The Geneva horticultural school opens its doors to the public to showcase their students. A hidden gem in the Geneva countryside. Lullier

1ere Marché aux Plantes de l'Arboretum, Aubonne - Sunday 2 October, 09:00-18:00
The Arboretum launches into the world of the plant market with its first this October. Many well-know local and less local swiss growers of perennials, fruit trees, roses, herbs and bulbs will be present. The RTS 1 swiss radio show “Monsieur Jardinier", presented by Christine Magro will have a team live on site for their early morning show. Arboretum

Fêtes des plantes et du jardin, Lasna, Belgium 30 September - 2 October
A little further afield for those who might happen to be in Brussels for the weekend this bi-annual event at the jardins d'Aywiers brings together almost 200 professionals from the horticultural world. From wooden garden houses to bug hotels anything you could every need for your garden. jardin d'aywiers

La fête aux dahlias, Morges

The floral displays continue in Morges with the exuberance of dahlias until the end of October; enjoy the colours in the parks along the lakeside. As with the tulips, the dahlias are dug up at the end of the season and sold to the public on Saturday 29 and Sunday 30 October from 10:00-16:00 in the gardens of the Château de Morges. Tubers may be ordered from the tourist office in Morges until Thursday 20 October. Dahlias in Morges

Le Jardin des Cinq Sens, Yvoire

This inspiring, restored walled garden remains open everyday from 10:00 until Sunday 9 October – it is well worth a visit. Le Jardin de Cinq Sens

We are delighted to get started with our workshops and master classes this autumn. Our course list is expanded regularly so keep an eye on our Facebook page for regular updates.

This new season sees us continue our series of stand alone two-hour morning workshops. Each will be held off-site at a specialist nursery or garden. Evening master classes will return in October.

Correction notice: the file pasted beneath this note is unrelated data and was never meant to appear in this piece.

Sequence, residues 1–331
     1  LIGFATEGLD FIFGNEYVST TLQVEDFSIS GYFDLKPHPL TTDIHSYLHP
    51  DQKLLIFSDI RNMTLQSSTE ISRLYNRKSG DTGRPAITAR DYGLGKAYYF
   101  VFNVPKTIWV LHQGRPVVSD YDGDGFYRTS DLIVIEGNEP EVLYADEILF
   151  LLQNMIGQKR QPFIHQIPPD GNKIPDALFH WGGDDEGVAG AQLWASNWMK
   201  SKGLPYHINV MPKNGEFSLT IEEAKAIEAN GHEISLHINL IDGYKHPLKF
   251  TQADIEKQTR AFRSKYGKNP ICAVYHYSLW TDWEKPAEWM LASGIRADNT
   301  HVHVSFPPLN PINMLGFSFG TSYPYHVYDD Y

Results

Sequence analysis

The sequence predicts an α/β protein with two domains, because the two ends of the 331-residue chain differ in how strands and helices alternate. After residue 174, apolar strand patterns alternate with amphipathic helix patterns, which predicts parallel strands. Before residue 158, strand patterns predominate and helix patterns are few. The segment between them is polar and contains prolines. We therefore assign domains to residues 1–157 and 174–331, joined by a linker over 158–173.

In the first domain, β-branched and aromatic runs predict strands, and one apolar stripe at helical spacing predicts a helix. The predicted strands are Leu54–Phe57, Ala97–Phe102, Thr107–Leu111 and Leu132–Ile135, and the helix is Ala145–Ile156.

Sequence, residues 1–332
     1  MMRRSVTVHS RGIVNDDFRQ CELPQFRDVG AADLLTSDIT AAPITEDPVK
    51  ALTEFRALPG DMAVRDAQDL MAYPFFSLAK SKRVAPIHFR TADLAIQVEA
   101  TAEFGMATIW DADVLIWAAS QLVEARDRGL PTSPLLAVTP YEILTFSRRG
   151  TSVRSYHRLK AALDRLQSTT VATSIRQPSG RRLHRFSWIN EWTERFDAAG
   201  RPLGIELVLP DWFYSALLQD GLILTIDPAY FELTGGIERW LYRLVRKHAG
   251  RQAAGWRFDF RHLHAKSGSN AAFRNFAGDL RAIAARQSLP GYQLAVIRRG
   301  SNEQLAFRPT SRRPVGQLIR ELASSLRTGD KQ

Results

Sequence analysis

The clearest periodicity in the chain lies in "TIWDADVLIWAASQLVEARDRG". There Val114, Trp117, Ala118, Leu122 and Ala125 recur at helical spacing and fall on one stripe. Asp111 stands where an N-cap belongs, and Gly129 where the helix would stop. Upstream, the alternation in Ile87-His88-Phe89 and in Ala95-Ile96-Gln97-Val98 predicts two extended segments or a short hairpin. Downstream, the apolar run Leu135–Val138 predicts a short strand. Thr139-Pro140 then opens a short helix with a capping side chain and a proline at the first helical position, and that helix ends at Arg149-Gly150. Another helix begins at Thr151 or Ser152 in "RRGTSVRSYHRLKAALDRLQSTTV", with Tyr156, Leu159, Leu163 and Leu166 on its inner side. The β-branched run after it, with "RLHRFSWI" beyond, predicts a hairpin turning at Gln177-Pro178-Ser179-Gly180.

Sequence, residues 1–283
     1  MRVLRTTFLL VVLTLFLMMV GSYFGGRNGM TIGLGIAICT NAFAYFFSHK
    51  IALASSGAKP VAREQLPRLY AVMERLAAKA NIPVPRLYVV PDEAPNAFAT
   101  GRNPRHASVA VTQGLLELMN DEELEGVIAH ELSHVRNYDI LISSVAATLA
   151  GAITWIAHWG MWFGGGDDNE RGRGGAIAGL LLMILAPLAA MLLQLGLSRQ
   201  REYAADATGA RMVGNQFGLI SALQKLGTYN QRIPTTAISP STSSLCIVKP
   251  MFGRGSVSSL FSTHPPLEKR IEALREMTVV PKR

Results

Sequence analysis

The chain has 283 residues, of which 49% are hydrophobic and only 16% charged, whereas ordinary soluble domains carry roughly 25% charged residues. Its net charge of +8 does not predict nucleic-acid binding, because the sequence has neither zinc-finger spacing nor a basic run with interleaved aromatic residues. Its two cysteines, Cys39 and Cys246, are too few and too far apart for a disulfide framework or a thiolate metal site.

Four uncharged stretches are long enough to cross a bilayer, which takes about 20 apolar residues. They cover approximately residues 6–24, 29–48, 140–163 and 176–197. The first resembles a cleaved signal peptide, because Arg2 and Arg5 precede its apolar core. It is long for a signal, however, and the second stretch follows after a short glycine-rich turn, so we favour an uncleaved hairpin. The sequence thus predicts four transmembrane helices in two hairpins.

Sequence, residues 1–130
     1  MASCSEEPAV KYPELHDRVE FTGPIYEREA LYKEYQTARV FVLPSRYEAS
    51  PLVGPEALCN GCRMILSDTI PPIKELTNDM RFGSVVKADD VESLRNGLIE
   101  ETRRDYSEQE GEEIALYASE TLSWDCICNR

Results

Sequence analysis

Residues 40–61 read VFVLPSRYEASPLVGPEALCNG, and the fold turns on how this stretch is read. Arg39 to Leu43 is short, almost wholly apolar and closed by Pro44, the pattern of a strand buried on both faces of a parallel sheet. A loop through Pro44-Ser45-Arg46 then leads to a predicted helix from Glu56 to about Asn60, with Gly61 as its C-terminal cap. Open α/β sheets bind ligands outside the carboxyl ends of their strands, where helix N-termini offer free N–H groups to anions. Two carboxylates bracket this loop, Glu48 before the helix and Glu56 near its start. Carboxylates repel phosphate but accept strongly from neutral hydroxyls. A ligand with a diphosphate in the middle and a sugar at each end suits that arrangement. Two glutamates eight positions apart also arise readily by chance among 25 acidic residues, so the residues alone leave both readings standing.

Don't forget all registration and payment is via the website by means of PayPal, sign up so as not to be disappointed.

Workshop - Gardening with grasses, Thursday morning 22 September, 09:30-11:30, Roussillon Fleurs, Meyrin
This workshop will explore the incredibly versatility of these plants in your borders. They will bring colour, texture and season-long interest to your garden. Students will have the opportunity to examine the grasses closely and appreciate their differing growth habits and needs. We will pay particular attention to individual requirements. In addition to a box of grasses to take home, students will also benefit from a 10% reduction on any plants purchased on the morning of the workshop.
Gardening with grasses

Workshop - The Edible Garden - Winter vegetables, Tuesday morning 27 September, 10:00-12:00, La Ferme de Budé
We are delighted to return to this organic farm and market in the heart of the international centre of Geneva. After an exploratory tour of their vegetable garden we will learn the secrets of winter vegetable gardening, managing expectations by planting the correct varieties. Learn what to grow this winter - kale is at the top of the list.
The Edible Garden - Winter vegetables

Looking forward to gardening with you this autumn.

Author's bio


An enthusiastic, self-taught gardener, Tara Lissner is passionate about gardening and eager to share her zeal and knowledge with other gardening fans.

In 2012, she joined forces with Hester Macdonald, a British-trained landscape designer, to launch the Swiss Gardening School.

(Photo by Jean-Luc Pasquier)

Swiss Gardening School